Bankrupt vets can lose their disability benefits. This new effort would protect them. | Military Times
Two senators just introduced a bill designed to shield veterans’ disability benefits from debt collectors. When a disabled vet declares bankruptcy currently, the law allows debtors to count a veteran’s disability benefits as disposable income, allowing them to seize the benefits. Yet Social Security disability benefits are exempted by law from being lumped into a person’s disposable income in bankruptcy filings, and disability benefits in any form aren’t taxable and therefore generally not considered disposable income.
Voices from the Past Remain Relevant as Groundbreaking Guide for Disabled Girls and Women is Reissued Online | DREDF
Originally published by Disability Rights Education and Defense Fund (DREDF) in 1982, No More Stares is now available on DREDF’s website for the first time in celebration of International Women’s Day! Featuring the unique perspectives of girls and young women growing up disabled, No More Stares was developed through a grant from the U.S. Department of Education’s Women’s Educational Equity Act Program in 1980.
Drew Barrymore strikes me as one of those women who has lived about a thousand lives within one life. She was a child actress from Hollywood royalty, a famously rebellious teen, a horror movie icon (please all of us take a moment to worship at the altar of her iconic Scream cameo), a rom-com queen, a mom. And here’s the most amazing part: I get the feeling she brings all of the wisdom borne from all of those lives into her parenting. For instance, Drew Barrymore is teaching her daughters about aging in the most evolved way, and honestly I would never expect less from this wise woman.
Donna Kaye Hill realized that her 80-year-old mother was faltering cognitively when her phone suddenly stopped working. When Ms. Hill called the phone company, “they told me she hadn’t paid her bill in three months.”Finding other alarming evidence of memory gaps, she took her mother, Katie, to a memory clinic. A geriatrician there diagnosed dementia and recommended two prescription drugs and a dietary supplement, a form of vitamin E.
Every day, new innovations help make life a little easier for older Americans, whether it’s video chatting with family or monitoring their heart rate with a smart watch. Cutting-edge technologies such as artificial intelligence, autonomous transportation systems, the internet of things, and next-generation wireless networks hold significant promise for enhancing independence, safety, overall mental and physical well-being, and health of older generations. The number of Americans over the age of 65 is growing rapidly and may reach nearly a quarter of the population in the next forty years. With an aging population, the Nation must proactively develop strategies, tools, and recommendations to enable older adults to live healthy, independent lives for as long as possible. Accordingly, the Trump Administration has made finding and assessing potential solutions for an aging population a research and development (R&D) priority.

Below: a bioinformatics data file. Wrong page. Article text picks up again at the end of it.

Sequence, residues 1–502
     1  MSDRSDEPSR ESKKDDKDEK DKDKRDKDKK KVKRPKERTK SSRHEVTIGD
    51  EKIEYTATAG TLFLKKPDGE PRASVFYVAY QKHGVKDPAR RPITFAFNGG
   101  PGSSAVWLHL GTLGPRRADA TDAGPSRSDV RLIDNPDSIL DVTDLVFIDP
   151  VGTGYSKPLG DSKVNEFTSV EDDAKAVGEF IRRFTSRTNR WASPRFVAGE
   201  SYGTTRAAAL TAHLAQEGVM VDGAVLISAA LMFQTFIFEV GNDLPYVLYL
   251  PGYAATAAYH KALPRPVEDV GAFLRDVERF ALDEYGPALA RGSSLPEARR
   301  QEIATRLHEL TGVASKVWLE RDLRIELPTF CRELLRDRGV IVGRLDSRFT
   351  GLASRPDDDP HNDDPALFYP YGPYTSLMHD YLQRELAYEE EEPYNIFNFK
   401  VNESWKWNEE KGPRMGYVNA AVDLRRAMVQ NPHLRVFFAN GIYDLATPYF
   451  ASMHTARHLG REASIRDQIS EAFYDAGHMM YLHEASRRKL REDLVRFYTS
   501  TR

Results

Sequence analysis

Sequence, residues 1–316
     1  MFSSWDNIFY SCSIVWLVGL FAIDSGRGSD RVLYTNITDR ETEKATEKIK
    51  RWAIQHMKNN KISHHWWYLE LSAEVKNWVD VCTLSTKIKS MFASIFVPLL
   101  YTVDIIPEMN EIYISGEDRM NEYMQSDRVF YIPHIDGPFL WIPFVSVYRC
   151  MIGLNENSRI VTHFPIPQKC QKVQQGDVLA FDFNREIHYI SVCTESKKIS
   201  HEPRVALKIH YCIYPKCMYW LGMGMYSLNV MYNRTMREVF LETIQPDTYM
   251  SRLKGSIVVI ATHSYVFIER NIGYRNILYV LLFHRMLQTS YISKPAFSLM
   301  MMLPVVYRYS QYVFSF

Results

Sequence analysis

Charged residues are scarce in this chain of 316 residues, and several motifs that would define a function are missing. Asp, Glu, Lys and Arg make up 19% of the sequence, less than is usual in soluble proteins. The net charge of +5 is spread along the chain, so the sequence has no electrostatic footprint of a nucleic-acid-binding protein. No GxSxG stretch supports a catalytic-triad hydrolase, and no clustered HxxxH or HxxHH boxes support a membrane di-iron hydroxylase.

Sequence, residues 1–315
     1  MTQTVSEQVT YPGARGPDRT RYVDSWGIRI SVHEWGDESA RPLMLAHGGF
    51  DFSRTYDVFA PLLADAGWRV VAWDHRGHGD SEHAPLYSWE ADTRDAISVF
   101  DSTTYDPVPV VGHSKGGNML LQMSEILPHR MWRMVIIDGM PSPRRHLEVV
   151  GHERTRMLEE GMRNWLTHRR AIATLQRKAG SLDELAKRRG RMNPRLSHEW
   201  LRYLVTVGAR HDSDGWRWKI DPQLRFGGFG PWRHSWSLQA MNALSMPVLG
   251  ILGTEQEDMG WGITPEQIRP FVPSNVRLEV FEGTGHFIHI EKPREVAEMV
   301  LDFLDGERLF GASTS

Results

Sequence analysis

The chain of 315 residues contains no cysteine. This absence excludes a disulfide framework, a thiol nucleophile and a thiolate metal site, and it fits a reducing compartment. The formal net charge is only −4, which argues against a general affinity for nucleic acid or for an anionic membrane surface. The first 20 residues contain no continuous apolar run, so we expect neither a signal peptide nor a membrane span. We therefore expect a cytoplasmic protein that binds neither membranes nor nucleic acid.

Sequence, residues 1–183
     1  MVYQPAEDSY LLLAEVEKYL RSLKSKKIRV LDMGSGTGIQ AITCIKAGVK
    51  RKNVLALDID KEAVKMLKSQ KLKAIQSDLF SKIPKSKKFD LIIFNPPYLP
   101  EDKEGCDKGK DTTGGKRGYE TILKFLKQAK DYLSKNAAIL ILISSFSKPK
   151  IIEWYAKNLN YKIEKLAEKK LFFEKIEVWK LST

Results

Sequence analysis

Barring breakthroughs in treatment, the number of Americans living with Alzheimer’s disease is projected to more than double by 2050, rising to 13.8 million Americans age 65 or older from 5.8 million today. That’s according to a new report from the Alzheimer’s Association released Tuesday. Here’s a closer look at why medical experts are expecting a spike in Alzheimer’s, what we know about associated health costs and what’s next for research and treatment.
Agatha, 60, had married a man 25 years her senior. He had one son who lived outside the US and was not close to his father. Agatha and her husband had a lot of good times until he began to show signs of dementia. Before long, Agatha was a full time caregiver. She lost her husband within two years of the emergence of his symptoms.
Electric scooters have taken cities across the country by surprise, sometimes causing conflicts with city authorities and pedestrians. In San Diego, the scooters have led to a federal lawsuit claiming the new devices cause discrimination against people with disabilities.The lawsuit, which was filed in a federal district court in January and seeks to be a class action, claims the city and scooter rental companies Lime, Bird and Razor have failed to prevent people from riding or parking scooters on sidewalks.
The sweeping health-care law created nearly a decade ago to put insurance within reach of more Americans has left significant holes in the ability of older, middle-class people to afford coverage, particularly in rural areas, according to a new analysis. Sixty-year-olds with a $50,000 income must pay at least one-fifth of what they earn for the least expensive premiums for health plans in Affordable Care Act marketplaces across a broad swath of the Midwest, the analysis shows. In much of the country, those premiums require at least one-sixth of such people’s income.
Measles vaccine doesn’t cause autism, says a decade-long study of half a million people | The Washington Post
The notion that vaccines might cause autism was refuted nine years ago, when a British medical panel concluded in 2010 that Andrew Wakefield, the doctor with undisclosed financial interests in making such claims, had acted with “callous disregard” in conducting his research.
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